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Memorial ride honors young student, raises mental health awareness

Pharos-Tribune - 9/6/2023

Sep. 6—It's been a time of mourning for the Walton community and it's unfortunately an all too familiar feeling.

On Saturday, Sept. 9, Project Hope 929 will hold its second Parker Abbott Memorial Ride to honor a young Lewis Cass student who died last year.

Registration for the event begins at 2 p.m. and with the ride starting at 3 p.m. The ride will leave from Lewis Cass High School and head first to Mike Anderson Logansport, 417 S. 3rd St.

From there, the ride will travel to Mike Anderson Kokomo, 100 S. Reed Rd., and then return to Lewis Cass.

"(Parker) was a band student. He was fun," said Nikki Malott, founder of Project Hope. "Every time I was around him, he was happy and smiling. He was a jokester. He liked to pull pranks."

Malott hopes ultimately that funds raised through the rides will go to create a scholarship in Abbott's honor that can be given to a Lewis Cass band student, either for college or for a student's high school band equipment.

A portion of this year's proceeds will go to help support the Griffin family, who recently lost their son and brother, Gavin, on Aug. 28.

The ride will include Jeeps and motorcycles but everyone is welcome to participate, Malott said.

Raffles for prizes will be held at each stop along the ride. There will also be a silent auction.

Malott recalled that during last year's ride, Mike Anderson Kokomo decorated their lot, had suicide prevention ribbons, a DJ and more.

"They really welcomed us," she said. "We are excited to go back there this year."

The event doesn't conclude with the ride's end. There will be information booths focused on mental health set up at Lewis Cass Saturday evening. Tyson will donate food that will be available with a free will donation. There will be live music and at 8:30 p.m., the Cass County Zero Suicide Task Force will hold a luminaria ceremony to raise suicide awareness.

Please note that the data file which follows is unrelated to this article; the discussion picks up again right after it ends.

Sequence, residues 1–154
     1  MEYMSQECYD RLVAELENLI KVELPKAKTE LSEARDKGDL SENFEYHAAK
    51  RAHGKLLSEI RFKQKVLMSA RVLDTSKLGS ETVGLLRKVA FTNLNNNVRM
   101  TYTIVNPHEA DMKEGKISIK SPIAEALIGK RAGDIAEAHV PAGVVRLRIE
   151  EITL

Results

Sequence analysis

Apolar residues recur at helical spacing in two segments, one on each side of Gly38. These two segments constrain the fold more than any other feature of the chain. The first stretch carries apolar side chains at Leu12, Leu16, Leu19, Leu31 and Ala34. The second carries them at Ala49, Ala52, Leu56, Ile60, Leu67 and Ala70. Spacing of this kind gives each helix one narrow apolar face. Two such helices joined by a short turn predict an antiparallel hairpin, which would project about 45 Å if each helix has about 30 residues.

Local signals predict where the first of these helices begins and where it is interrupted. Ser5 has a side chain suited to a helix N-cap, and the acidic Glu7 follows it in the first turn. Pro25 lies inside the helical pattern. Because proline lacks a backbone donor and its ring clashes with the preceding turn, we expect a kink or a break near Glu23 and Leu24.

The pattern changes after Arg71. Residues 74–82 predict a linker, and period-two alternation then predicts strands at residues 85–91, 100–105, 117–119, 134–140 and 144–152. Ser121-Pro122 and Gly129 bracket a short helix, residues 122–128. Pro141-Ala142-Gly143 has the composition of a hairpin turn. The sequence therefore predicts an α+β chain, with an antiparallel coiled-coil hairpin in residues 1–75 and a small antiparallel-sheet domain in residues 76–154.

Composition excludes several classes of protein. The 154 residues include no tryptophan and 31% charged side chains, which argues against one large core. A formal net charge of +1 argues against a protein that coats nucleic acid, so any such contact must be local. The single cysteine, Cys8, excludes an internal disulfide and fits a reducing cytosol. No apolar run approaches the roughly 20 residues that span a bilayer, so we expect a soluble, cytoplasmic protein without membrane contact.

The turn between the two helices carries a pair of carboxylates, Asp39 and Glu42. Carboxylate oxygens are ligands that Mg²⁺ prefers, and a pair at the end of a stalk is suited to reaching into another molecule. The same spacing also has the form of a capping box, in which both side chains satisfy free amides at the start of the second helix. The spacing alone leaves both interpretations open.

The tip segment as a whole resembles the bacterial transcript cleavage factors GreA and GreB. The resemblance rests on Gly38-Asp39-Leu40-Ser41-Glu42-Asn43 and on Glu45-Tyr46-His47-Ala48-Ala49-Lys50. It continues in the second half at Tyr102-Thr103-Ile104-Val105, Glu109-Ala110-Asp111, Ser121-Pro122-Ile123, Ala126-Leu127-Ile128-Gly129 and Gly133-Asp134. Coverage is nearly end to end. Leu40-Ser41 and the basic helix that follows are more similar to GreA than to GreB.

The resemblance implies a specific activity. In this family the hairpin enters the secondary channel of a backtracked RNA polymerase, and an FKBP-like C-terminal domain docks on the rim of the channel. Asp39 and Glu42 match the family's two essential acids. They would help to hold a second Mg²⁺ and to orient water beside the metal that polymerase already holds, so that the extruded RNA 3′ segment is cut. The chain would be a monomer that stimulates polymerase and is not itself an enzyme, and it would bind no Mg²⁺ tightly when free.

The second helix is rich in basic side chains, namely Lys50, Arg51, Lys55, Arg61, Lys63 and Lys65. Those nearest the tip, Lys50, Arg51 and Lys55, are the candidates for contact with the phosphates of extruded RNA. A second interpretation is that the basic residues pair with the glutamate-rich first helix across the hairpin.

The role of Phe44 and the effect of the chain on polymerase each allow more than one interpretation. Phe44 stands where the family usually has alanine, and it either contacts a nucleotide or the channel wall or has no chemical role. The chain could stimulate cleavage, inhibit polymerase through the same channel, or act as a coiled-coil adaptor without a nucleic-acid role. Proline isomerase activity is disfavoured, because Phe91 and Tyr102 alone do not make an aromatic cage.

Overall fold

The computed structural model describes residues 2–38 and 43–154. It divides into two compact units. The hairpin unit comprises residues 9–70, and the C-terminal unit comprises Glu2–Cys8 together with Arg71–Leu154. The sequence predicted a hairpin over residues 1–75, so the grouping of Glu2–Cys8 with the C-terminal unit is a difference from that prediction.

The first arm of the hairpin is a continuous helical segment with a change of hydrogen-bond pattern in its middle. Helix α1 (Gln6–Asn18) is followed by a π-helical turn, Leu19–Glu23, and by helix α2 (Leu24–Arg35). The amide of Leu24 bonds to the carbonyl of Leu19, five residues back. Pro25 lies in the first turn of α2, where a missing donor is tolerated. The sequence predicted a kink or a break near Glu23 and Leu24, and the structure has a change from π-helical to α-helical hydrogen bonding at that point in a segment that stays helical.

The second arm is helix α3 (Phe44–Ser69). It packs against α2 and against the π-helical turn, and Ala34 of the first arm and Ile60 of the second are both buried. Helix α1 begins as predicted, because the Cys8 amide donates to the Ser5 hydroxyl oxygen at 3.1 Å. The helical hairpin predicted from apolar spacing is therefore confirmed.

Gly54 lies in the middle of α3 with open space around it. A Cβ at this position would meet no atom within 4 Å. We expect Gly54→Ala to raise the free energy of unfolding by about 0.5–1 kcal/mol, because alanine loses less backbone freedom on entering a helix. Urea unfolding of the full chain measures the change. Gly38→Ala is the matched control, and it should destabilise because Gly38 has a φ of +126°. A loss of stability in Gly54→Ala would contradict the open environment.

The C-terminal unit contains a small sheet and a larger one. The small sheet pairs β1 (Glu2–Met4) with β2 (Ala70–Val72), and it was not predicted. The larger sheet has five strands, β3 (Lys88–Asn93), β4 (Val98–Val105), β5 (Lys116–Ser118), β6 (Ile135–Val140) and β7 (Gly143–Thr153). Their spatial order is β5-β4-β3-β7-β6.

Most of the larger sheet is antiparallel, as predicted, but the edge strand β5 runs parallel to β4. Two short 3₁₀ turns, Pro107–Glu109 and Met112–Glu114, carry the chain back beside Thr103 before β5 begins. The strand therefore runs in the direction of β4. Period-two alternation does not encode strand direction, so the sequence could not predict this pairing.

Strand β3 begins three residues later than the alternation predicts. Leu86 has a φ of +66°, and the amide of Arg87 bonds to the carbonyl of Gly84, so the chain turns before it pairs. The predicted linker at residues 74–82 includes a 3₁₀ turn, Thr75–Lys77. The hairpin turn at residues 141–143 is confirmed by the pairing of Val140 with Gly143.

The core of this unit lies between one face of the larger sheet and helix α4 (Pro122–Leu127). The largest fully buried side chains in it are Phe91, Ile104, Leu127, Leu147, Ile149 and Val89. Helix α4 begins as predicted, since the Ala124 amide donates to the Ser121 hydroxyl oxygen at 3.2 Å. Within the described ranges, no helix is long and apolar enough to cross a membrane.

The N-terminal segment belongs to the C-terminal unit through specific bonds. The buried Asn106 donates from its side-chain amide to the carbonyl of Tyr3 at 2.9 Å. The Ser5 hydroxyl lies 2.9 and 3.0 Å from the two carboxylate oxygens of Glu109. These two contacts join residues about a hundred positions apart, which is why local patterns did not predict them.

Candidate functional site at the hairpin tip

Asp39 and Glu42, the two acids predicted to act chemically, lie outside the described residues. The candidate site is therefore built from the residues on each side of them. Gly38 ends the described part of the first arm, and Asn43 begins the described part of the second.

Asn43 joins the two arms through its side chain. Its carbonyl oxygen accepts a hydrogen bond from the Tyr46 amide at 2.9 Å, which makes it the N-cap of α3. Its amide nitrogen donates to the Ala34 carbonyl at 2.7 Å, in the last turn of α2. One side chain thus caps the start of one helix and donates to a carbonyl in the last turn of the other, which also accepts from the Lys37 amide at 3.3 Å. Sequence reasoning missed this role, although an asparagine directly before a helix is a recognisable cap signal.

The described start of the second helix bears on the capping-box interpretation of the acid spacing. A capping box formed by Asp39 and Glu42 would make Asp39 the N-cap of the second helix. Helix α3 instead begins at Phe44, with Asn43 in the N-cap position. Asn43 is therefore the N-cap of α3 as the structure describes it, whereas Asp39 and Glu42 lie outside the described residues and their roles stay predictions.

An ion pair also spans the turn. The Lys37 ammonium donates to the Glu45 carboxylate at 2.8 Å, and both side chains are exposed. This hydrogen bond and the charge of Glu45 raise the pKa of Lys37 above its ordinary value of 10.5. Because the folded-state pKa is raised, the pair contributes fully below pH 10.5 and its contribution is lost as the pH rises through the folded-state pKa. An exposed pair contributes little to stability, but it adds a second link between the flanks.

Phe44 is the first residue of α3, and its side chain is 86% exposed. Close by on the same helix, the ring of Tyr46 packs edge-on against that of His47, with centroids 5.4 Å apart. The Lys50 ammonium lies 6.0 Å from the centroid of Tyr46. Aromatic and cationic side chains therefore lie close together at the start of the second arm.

Cost to participate in the ride is $25 per vehicle and $10 per passenger.

Those participating also include the AMVETS Cpl. Humberto Sanchez Post #82621, the Bowen Center, Alternative to Suicide, the American Foundation for Suicide Prevention and Mental Health America.

Malott said one of the keys to lowering childhood suicide rates is just talking. Fifteen percent of all suicides are people between the ages of 15 and 24, reported the Centers for Disease Control and Prevention.

"I think the hardest thing is for (kids) to just talk about it," Malott said. "They think it's just only them that are struggling. They don't want to look weird. But everybody struggles. It doesn't matter the age, demographic. It doesn't matter. People struggle and I think the biggest problem is they don't talk about it. I think that is also related to the stigma surrounding mental health."

Malott encouraged young people to seek out those they trusted, be it family, friends, a therapist or teachers.

She also said it was important for parents to start the conversation and check in on their children and their friends.

She tells those who come to her to talk about losing Parker Abbott to turn their pain into power and do something to honor their friend.

"Stand up and do something," she said. "That's the only way you are going to get through the pain."

Those interested in participating in the Parker Abbott Memorial Ride may visit the Facebook event page at

The National Mental Health Crisis and Suicide Prevention number is 988. It operates 24 hours a day for anyone who needs immediate help.

4C Health, 800 Fulton St., has a crisis line that can be reached at 1-800-552-3106. Those in need may also visit any 4C location during business hours for crisis services.

On Wednesday, Sept. 13, Stand Up Cass County will offer QPR suicide prevention training at Ivy Tech. To register visit


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